Strange Case of Dr Jekyll and Mr Hyde was Robert Louis Stevenson's classic novella about the duality of human nature and the inner conflict of our personal sense of good and evil that can undermine our noblest intentions. The novella exemplified this inner conflict using the self-destructive split-personality of Henry Jekyll and Edward Hyde.
The duality of data quality's nature can sometimes cause an organizational conflict between the Business and IT. The complexity of a data quality project can sometimes work against your best intentions. Knowledge about data, business processes and supporting technology are spread throughout the organization.
Neither the Business nor IT alone has all of the necessary information required to achieve data quality success.
As a data quality consultant, I am often asked to wear many hats – and not just because my balding head is distractingly shiny.
I often play a hybrid role that helps facilitate the business and technical collaboration of the project team.
I refer to this hybrid role as using the split-personality of Dr. Technology and Mr. Business.
With relatively few exceptions, IT is usually the first group that I meet with when I begin an engagement with a new client. However, this doesn't mean that IT is more important than the Business. Consultants are commonly brought on board after the initial business requirements have been drafted and the data quality tool has been selected. Meeting with IT first is especially common if one of my tasks is to help install and configure the data quality tool.
When I meet with IT, I use my Dr. Technology personality. IT needs to know that I am there to share my extensive experience and best practices from successful data quality projects to help them implement a well architected technical solution. I ask about data quality solutions that have been attempted previously, how well they were received by the Business, and if they are still in use. I ask if IT has any issues with or concerns about the data quality tool that was selected.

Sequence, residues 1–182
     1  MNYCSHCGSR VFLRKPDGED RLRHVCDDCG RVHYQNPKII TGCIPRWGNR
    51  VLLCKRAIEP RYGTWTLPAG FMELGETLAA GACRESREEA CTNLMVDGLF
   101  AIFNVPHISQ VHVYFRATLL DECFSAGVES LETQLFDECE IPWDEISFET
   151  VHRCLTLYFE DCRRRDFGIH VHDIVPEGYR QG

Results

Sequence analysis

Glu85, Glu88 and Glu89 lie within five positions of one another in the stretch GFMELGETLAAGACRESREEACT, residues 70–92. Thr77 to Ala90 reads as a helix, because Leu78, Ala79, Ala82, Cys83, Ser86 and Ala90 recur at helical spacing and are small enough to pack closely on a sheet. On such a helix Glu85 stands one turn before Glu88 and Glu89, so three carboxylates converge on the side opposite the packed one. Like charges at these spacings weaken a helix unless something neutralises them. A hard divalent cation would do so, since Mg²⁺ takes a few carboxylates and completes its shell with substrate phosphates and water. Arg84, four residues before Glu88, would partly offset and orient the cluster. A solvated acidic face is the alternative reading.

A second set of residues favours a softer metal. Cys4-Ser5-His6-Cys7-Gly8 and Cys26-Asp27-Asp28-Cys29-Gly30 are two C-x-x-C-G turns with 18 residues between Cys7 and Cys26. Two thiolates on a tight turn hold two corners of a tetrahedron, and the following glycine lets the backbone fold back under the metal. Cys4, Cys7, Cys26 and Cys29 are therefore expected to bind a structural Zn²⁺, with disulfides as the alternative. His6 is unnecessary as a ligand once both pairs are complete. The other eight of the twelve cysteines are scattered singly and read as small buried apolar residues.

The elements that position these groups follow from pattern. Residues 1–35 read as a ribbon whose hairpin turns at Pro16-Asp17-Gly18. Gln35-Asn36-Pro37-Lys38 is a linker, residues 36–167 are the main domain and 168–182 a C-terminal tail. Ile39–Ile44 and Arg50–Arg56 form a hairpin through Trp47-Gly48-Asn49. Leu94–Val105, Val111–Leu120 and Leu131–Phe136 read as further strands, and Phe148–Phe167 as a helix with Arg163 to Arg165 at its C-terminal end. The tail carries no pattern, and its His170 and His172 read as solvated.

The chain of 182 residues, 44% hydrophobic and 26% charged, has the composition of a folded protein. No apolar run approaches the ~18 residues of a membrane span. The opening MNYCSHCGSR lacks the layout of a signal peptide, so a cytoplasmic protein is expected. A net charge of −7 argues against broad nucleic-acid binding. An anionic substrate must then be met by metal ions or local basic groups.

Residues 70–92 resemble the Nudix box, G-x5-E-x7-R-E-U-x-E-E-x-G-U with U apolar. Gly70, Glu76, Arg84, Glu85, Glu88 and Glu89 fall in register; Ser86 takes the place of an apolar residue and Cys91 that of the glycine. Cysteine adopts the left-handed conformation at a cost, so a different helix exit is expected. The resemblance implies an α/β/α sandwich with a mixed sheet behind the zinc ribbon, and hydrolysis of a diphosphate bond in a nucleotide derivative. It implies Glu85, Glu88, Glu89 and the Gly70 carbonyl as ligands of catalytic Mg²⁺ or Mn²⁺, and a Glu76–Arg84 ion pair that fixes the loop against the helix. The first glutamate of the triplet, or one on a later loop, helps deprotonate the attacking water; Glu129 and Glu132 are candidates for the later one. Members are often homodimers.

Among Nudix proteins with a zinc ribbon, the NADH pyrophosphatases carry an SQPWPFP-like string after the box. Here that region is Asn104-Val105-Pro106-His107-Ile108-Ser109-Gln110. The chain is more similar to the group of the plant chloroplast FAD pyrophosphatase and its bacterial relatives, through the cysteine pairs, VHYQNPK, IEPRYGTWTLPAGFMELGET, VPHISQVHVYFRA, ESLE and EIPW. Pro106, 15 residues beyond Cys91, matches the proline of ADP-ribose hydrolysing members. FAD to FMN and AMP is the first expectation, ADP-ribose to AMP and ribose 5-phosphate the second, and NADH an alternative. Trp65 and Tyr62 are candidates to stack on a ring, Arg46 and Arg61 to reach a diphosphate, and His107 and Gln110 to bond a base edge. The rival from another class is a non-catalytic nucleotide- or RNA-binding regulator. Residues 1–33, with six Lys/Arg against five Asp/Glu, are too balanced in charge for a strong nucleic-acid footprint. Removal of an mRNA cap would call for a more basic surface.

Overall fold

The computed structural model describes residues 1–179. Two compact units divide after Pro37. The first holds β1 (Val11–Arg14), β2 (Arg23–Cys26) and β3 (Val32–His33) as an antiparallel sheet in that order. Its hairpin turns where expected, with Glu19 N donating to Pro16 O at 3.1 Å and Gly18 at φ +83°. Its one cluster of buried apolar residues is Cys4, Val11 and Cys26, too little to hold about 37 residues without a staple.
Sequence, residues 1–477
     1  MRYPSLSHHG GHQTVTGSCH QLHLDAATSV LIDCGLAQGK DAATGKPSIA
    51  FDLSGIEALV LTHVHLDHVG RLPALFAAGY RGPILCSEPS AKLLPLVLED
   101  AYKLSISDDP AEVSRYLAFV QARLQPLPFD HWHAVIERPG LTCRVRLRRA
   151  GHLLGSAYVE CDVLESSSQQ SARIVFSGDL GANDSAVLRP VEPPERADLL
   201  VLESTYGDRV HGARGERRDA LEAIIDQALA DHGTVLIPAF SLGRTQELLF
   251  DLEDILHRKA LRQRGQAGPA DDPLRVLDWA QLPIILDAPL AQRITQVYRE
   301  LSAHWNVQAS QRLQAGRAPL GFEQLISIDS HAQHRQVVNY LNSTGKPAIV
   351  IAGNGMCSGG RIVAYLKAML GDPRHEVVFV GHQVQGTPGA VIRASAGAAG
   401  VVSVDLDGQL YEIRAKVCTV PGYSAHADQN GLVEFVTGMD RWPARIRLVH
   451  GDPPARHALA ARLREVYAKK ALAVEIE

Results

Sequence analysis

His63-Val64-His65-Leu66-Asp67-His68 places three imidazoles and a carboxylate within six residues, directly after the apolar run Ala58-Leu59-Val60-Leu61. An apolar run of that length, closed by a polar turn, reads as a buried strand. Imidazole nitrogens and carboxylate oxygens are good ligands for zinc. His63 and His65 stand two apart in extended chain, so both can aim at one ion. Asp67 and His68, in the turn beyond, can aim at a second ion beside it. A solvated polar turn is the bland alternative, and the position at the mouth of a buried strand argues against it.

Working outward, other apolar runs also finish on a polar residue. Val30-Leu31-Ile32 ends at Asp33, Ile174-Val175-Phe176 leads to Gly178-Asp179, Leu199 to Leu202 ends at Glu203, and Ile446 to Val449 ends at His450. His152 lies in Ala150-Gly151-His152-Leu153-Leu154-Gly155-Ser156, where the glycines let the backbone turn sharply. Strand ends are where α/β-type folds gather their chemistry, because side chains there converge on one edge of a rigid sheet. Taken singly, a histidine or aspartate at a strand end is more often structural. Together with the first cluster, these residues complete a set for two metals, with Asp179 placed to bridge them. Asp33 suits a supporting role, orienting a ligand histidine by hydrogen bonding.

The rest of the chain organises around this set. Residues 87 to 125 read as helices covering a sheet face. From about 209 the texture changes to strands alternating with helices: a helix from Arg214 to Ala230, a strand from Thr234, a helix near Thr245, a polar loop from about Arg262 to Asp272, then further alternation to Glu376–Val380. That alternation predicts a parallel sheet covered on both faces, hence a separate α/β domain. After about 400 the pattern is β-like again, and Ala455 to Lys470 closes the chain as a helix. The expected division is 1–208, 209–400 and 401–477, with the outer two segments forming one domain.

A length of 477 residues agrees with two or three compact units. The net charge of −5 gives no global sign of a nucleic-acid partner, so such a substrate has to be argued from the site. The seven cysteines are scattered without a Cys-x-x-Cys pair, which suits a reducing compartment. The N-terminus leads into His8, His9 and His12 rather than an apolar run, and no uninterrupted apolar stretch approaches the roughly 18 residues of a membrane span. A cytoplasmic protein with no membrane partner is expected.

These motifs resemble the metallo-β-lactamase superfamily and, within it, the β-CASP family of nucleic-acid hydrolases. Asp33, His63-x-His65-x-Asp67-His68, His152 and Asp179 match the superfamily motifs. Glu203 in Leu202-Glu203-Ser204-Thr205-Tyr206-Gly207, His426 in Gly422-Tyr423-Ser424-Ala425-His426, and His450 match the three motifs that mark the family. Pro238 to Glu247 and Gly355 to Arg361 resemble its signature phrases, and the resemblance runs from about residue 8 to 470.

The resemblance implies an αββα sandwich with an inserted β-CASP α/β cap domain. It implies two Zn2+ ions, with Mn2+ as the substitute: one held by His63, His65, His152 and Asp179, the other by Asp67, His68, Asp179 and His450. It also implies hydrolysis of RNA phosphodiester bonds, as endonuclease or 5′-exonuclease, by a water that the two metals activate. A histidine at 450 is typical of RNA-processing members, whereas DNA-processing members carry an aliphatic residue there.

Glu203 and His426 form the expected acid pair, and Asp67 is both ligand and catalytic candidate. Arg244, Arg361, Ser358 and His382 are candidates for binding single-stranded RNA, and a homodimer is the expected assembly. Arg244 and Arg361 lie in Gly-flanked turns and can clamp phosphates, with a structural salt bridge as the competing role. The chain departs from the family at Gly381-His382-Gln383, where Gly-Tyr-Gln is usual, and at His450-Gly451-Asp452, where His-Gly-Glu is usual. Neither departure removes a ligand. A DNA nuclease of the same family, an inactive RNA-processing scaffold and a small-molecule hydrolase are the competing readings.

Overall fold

I review the initial business requirements with IT to make sure I understand any specific technical challenges such as data access, server capacity, security protocols, scheduled maintenance and after-hours support. I freely “geek out” in techno-babble. I debate whether Farscape or Battlestar Galactica was the best science fiction series in television history. I verify the favorite snack foods of the data architects, DBAs, and server administrators since whenever I need a relational database table created or more temporary disk space allocated, I know the required currency will often be Mountain Dew and Doritos.
When I meet with the Business for the first time, I do so without my IT entourage and I use my Mr. Business personality. The Business needs to know that I am there to help customize a technical solution to their specific business needs. I ask them to share their knowledge in their natural language using business terminology. Regardless of my experience with other companies in their industry, every organization and their data is unique. No assumptions should be made by any of us.
I review the initial requirements with the Business to make sure I understand who owns the data and how it is used to support the day-to-day operation of each business unit and initiative. I ask if the requirements were defined before or after the selection of the data quality tool. Knowing how the data quality tool works can sometimes cause a “framing effect” where requirements are defined in terms of tool functionality, framing them as a technical problem instead of a business problem. All data quality tools provide viable solutions driven by impressive technology. Therefore, the focus should always be on stating the problem and solution criteria in business terms.
Dr. Technology and Mr. Business Must Work Together
As the cross-functional project team starts working together, my Dr. Technology and Mr. Business personalities converge to help clarify communication by providing bi-directional translation, mentoring, documentation, training and knowledge transfer. I can help interpret business requirements and functional specifications, help explain business and technical challenges, and help maintain an ongoing dialogue between the Business and IT.
I can also help each group save face by playing the important role of Designated Asker of Stupid Questions – one of those intangible skills you can't find anywhere on my resume.
As the project progresses, the communication and teamwork between the Business and IT will become more and more natural and I will become less and less necessary – one of my most important success criteria.
Success is Not So Strange
When the Business and IT forges an ongoing collaborative partnership throughout the entire project, success is not so strange.
In fact, your data quality project can be the beginning of a beautiful friendship between the Business and IT.
Everyone on the project team can develop a healthy split-personality.
IT can use their Mr. Business (or Ms. Business) personality to help them understand the intricacies of business processes.
The Business can use their Dr. Technology personality to help them “get their geek on.”
Data quality success is all about shiny happy people holding hands – and what's so strange about that?
From the blog Inside the Biz with Jill Dyché, read her posts:
From Paul Erb's blog Comedy of the Commons, read his post: I Don't Know Much About Data, but I Know What I Like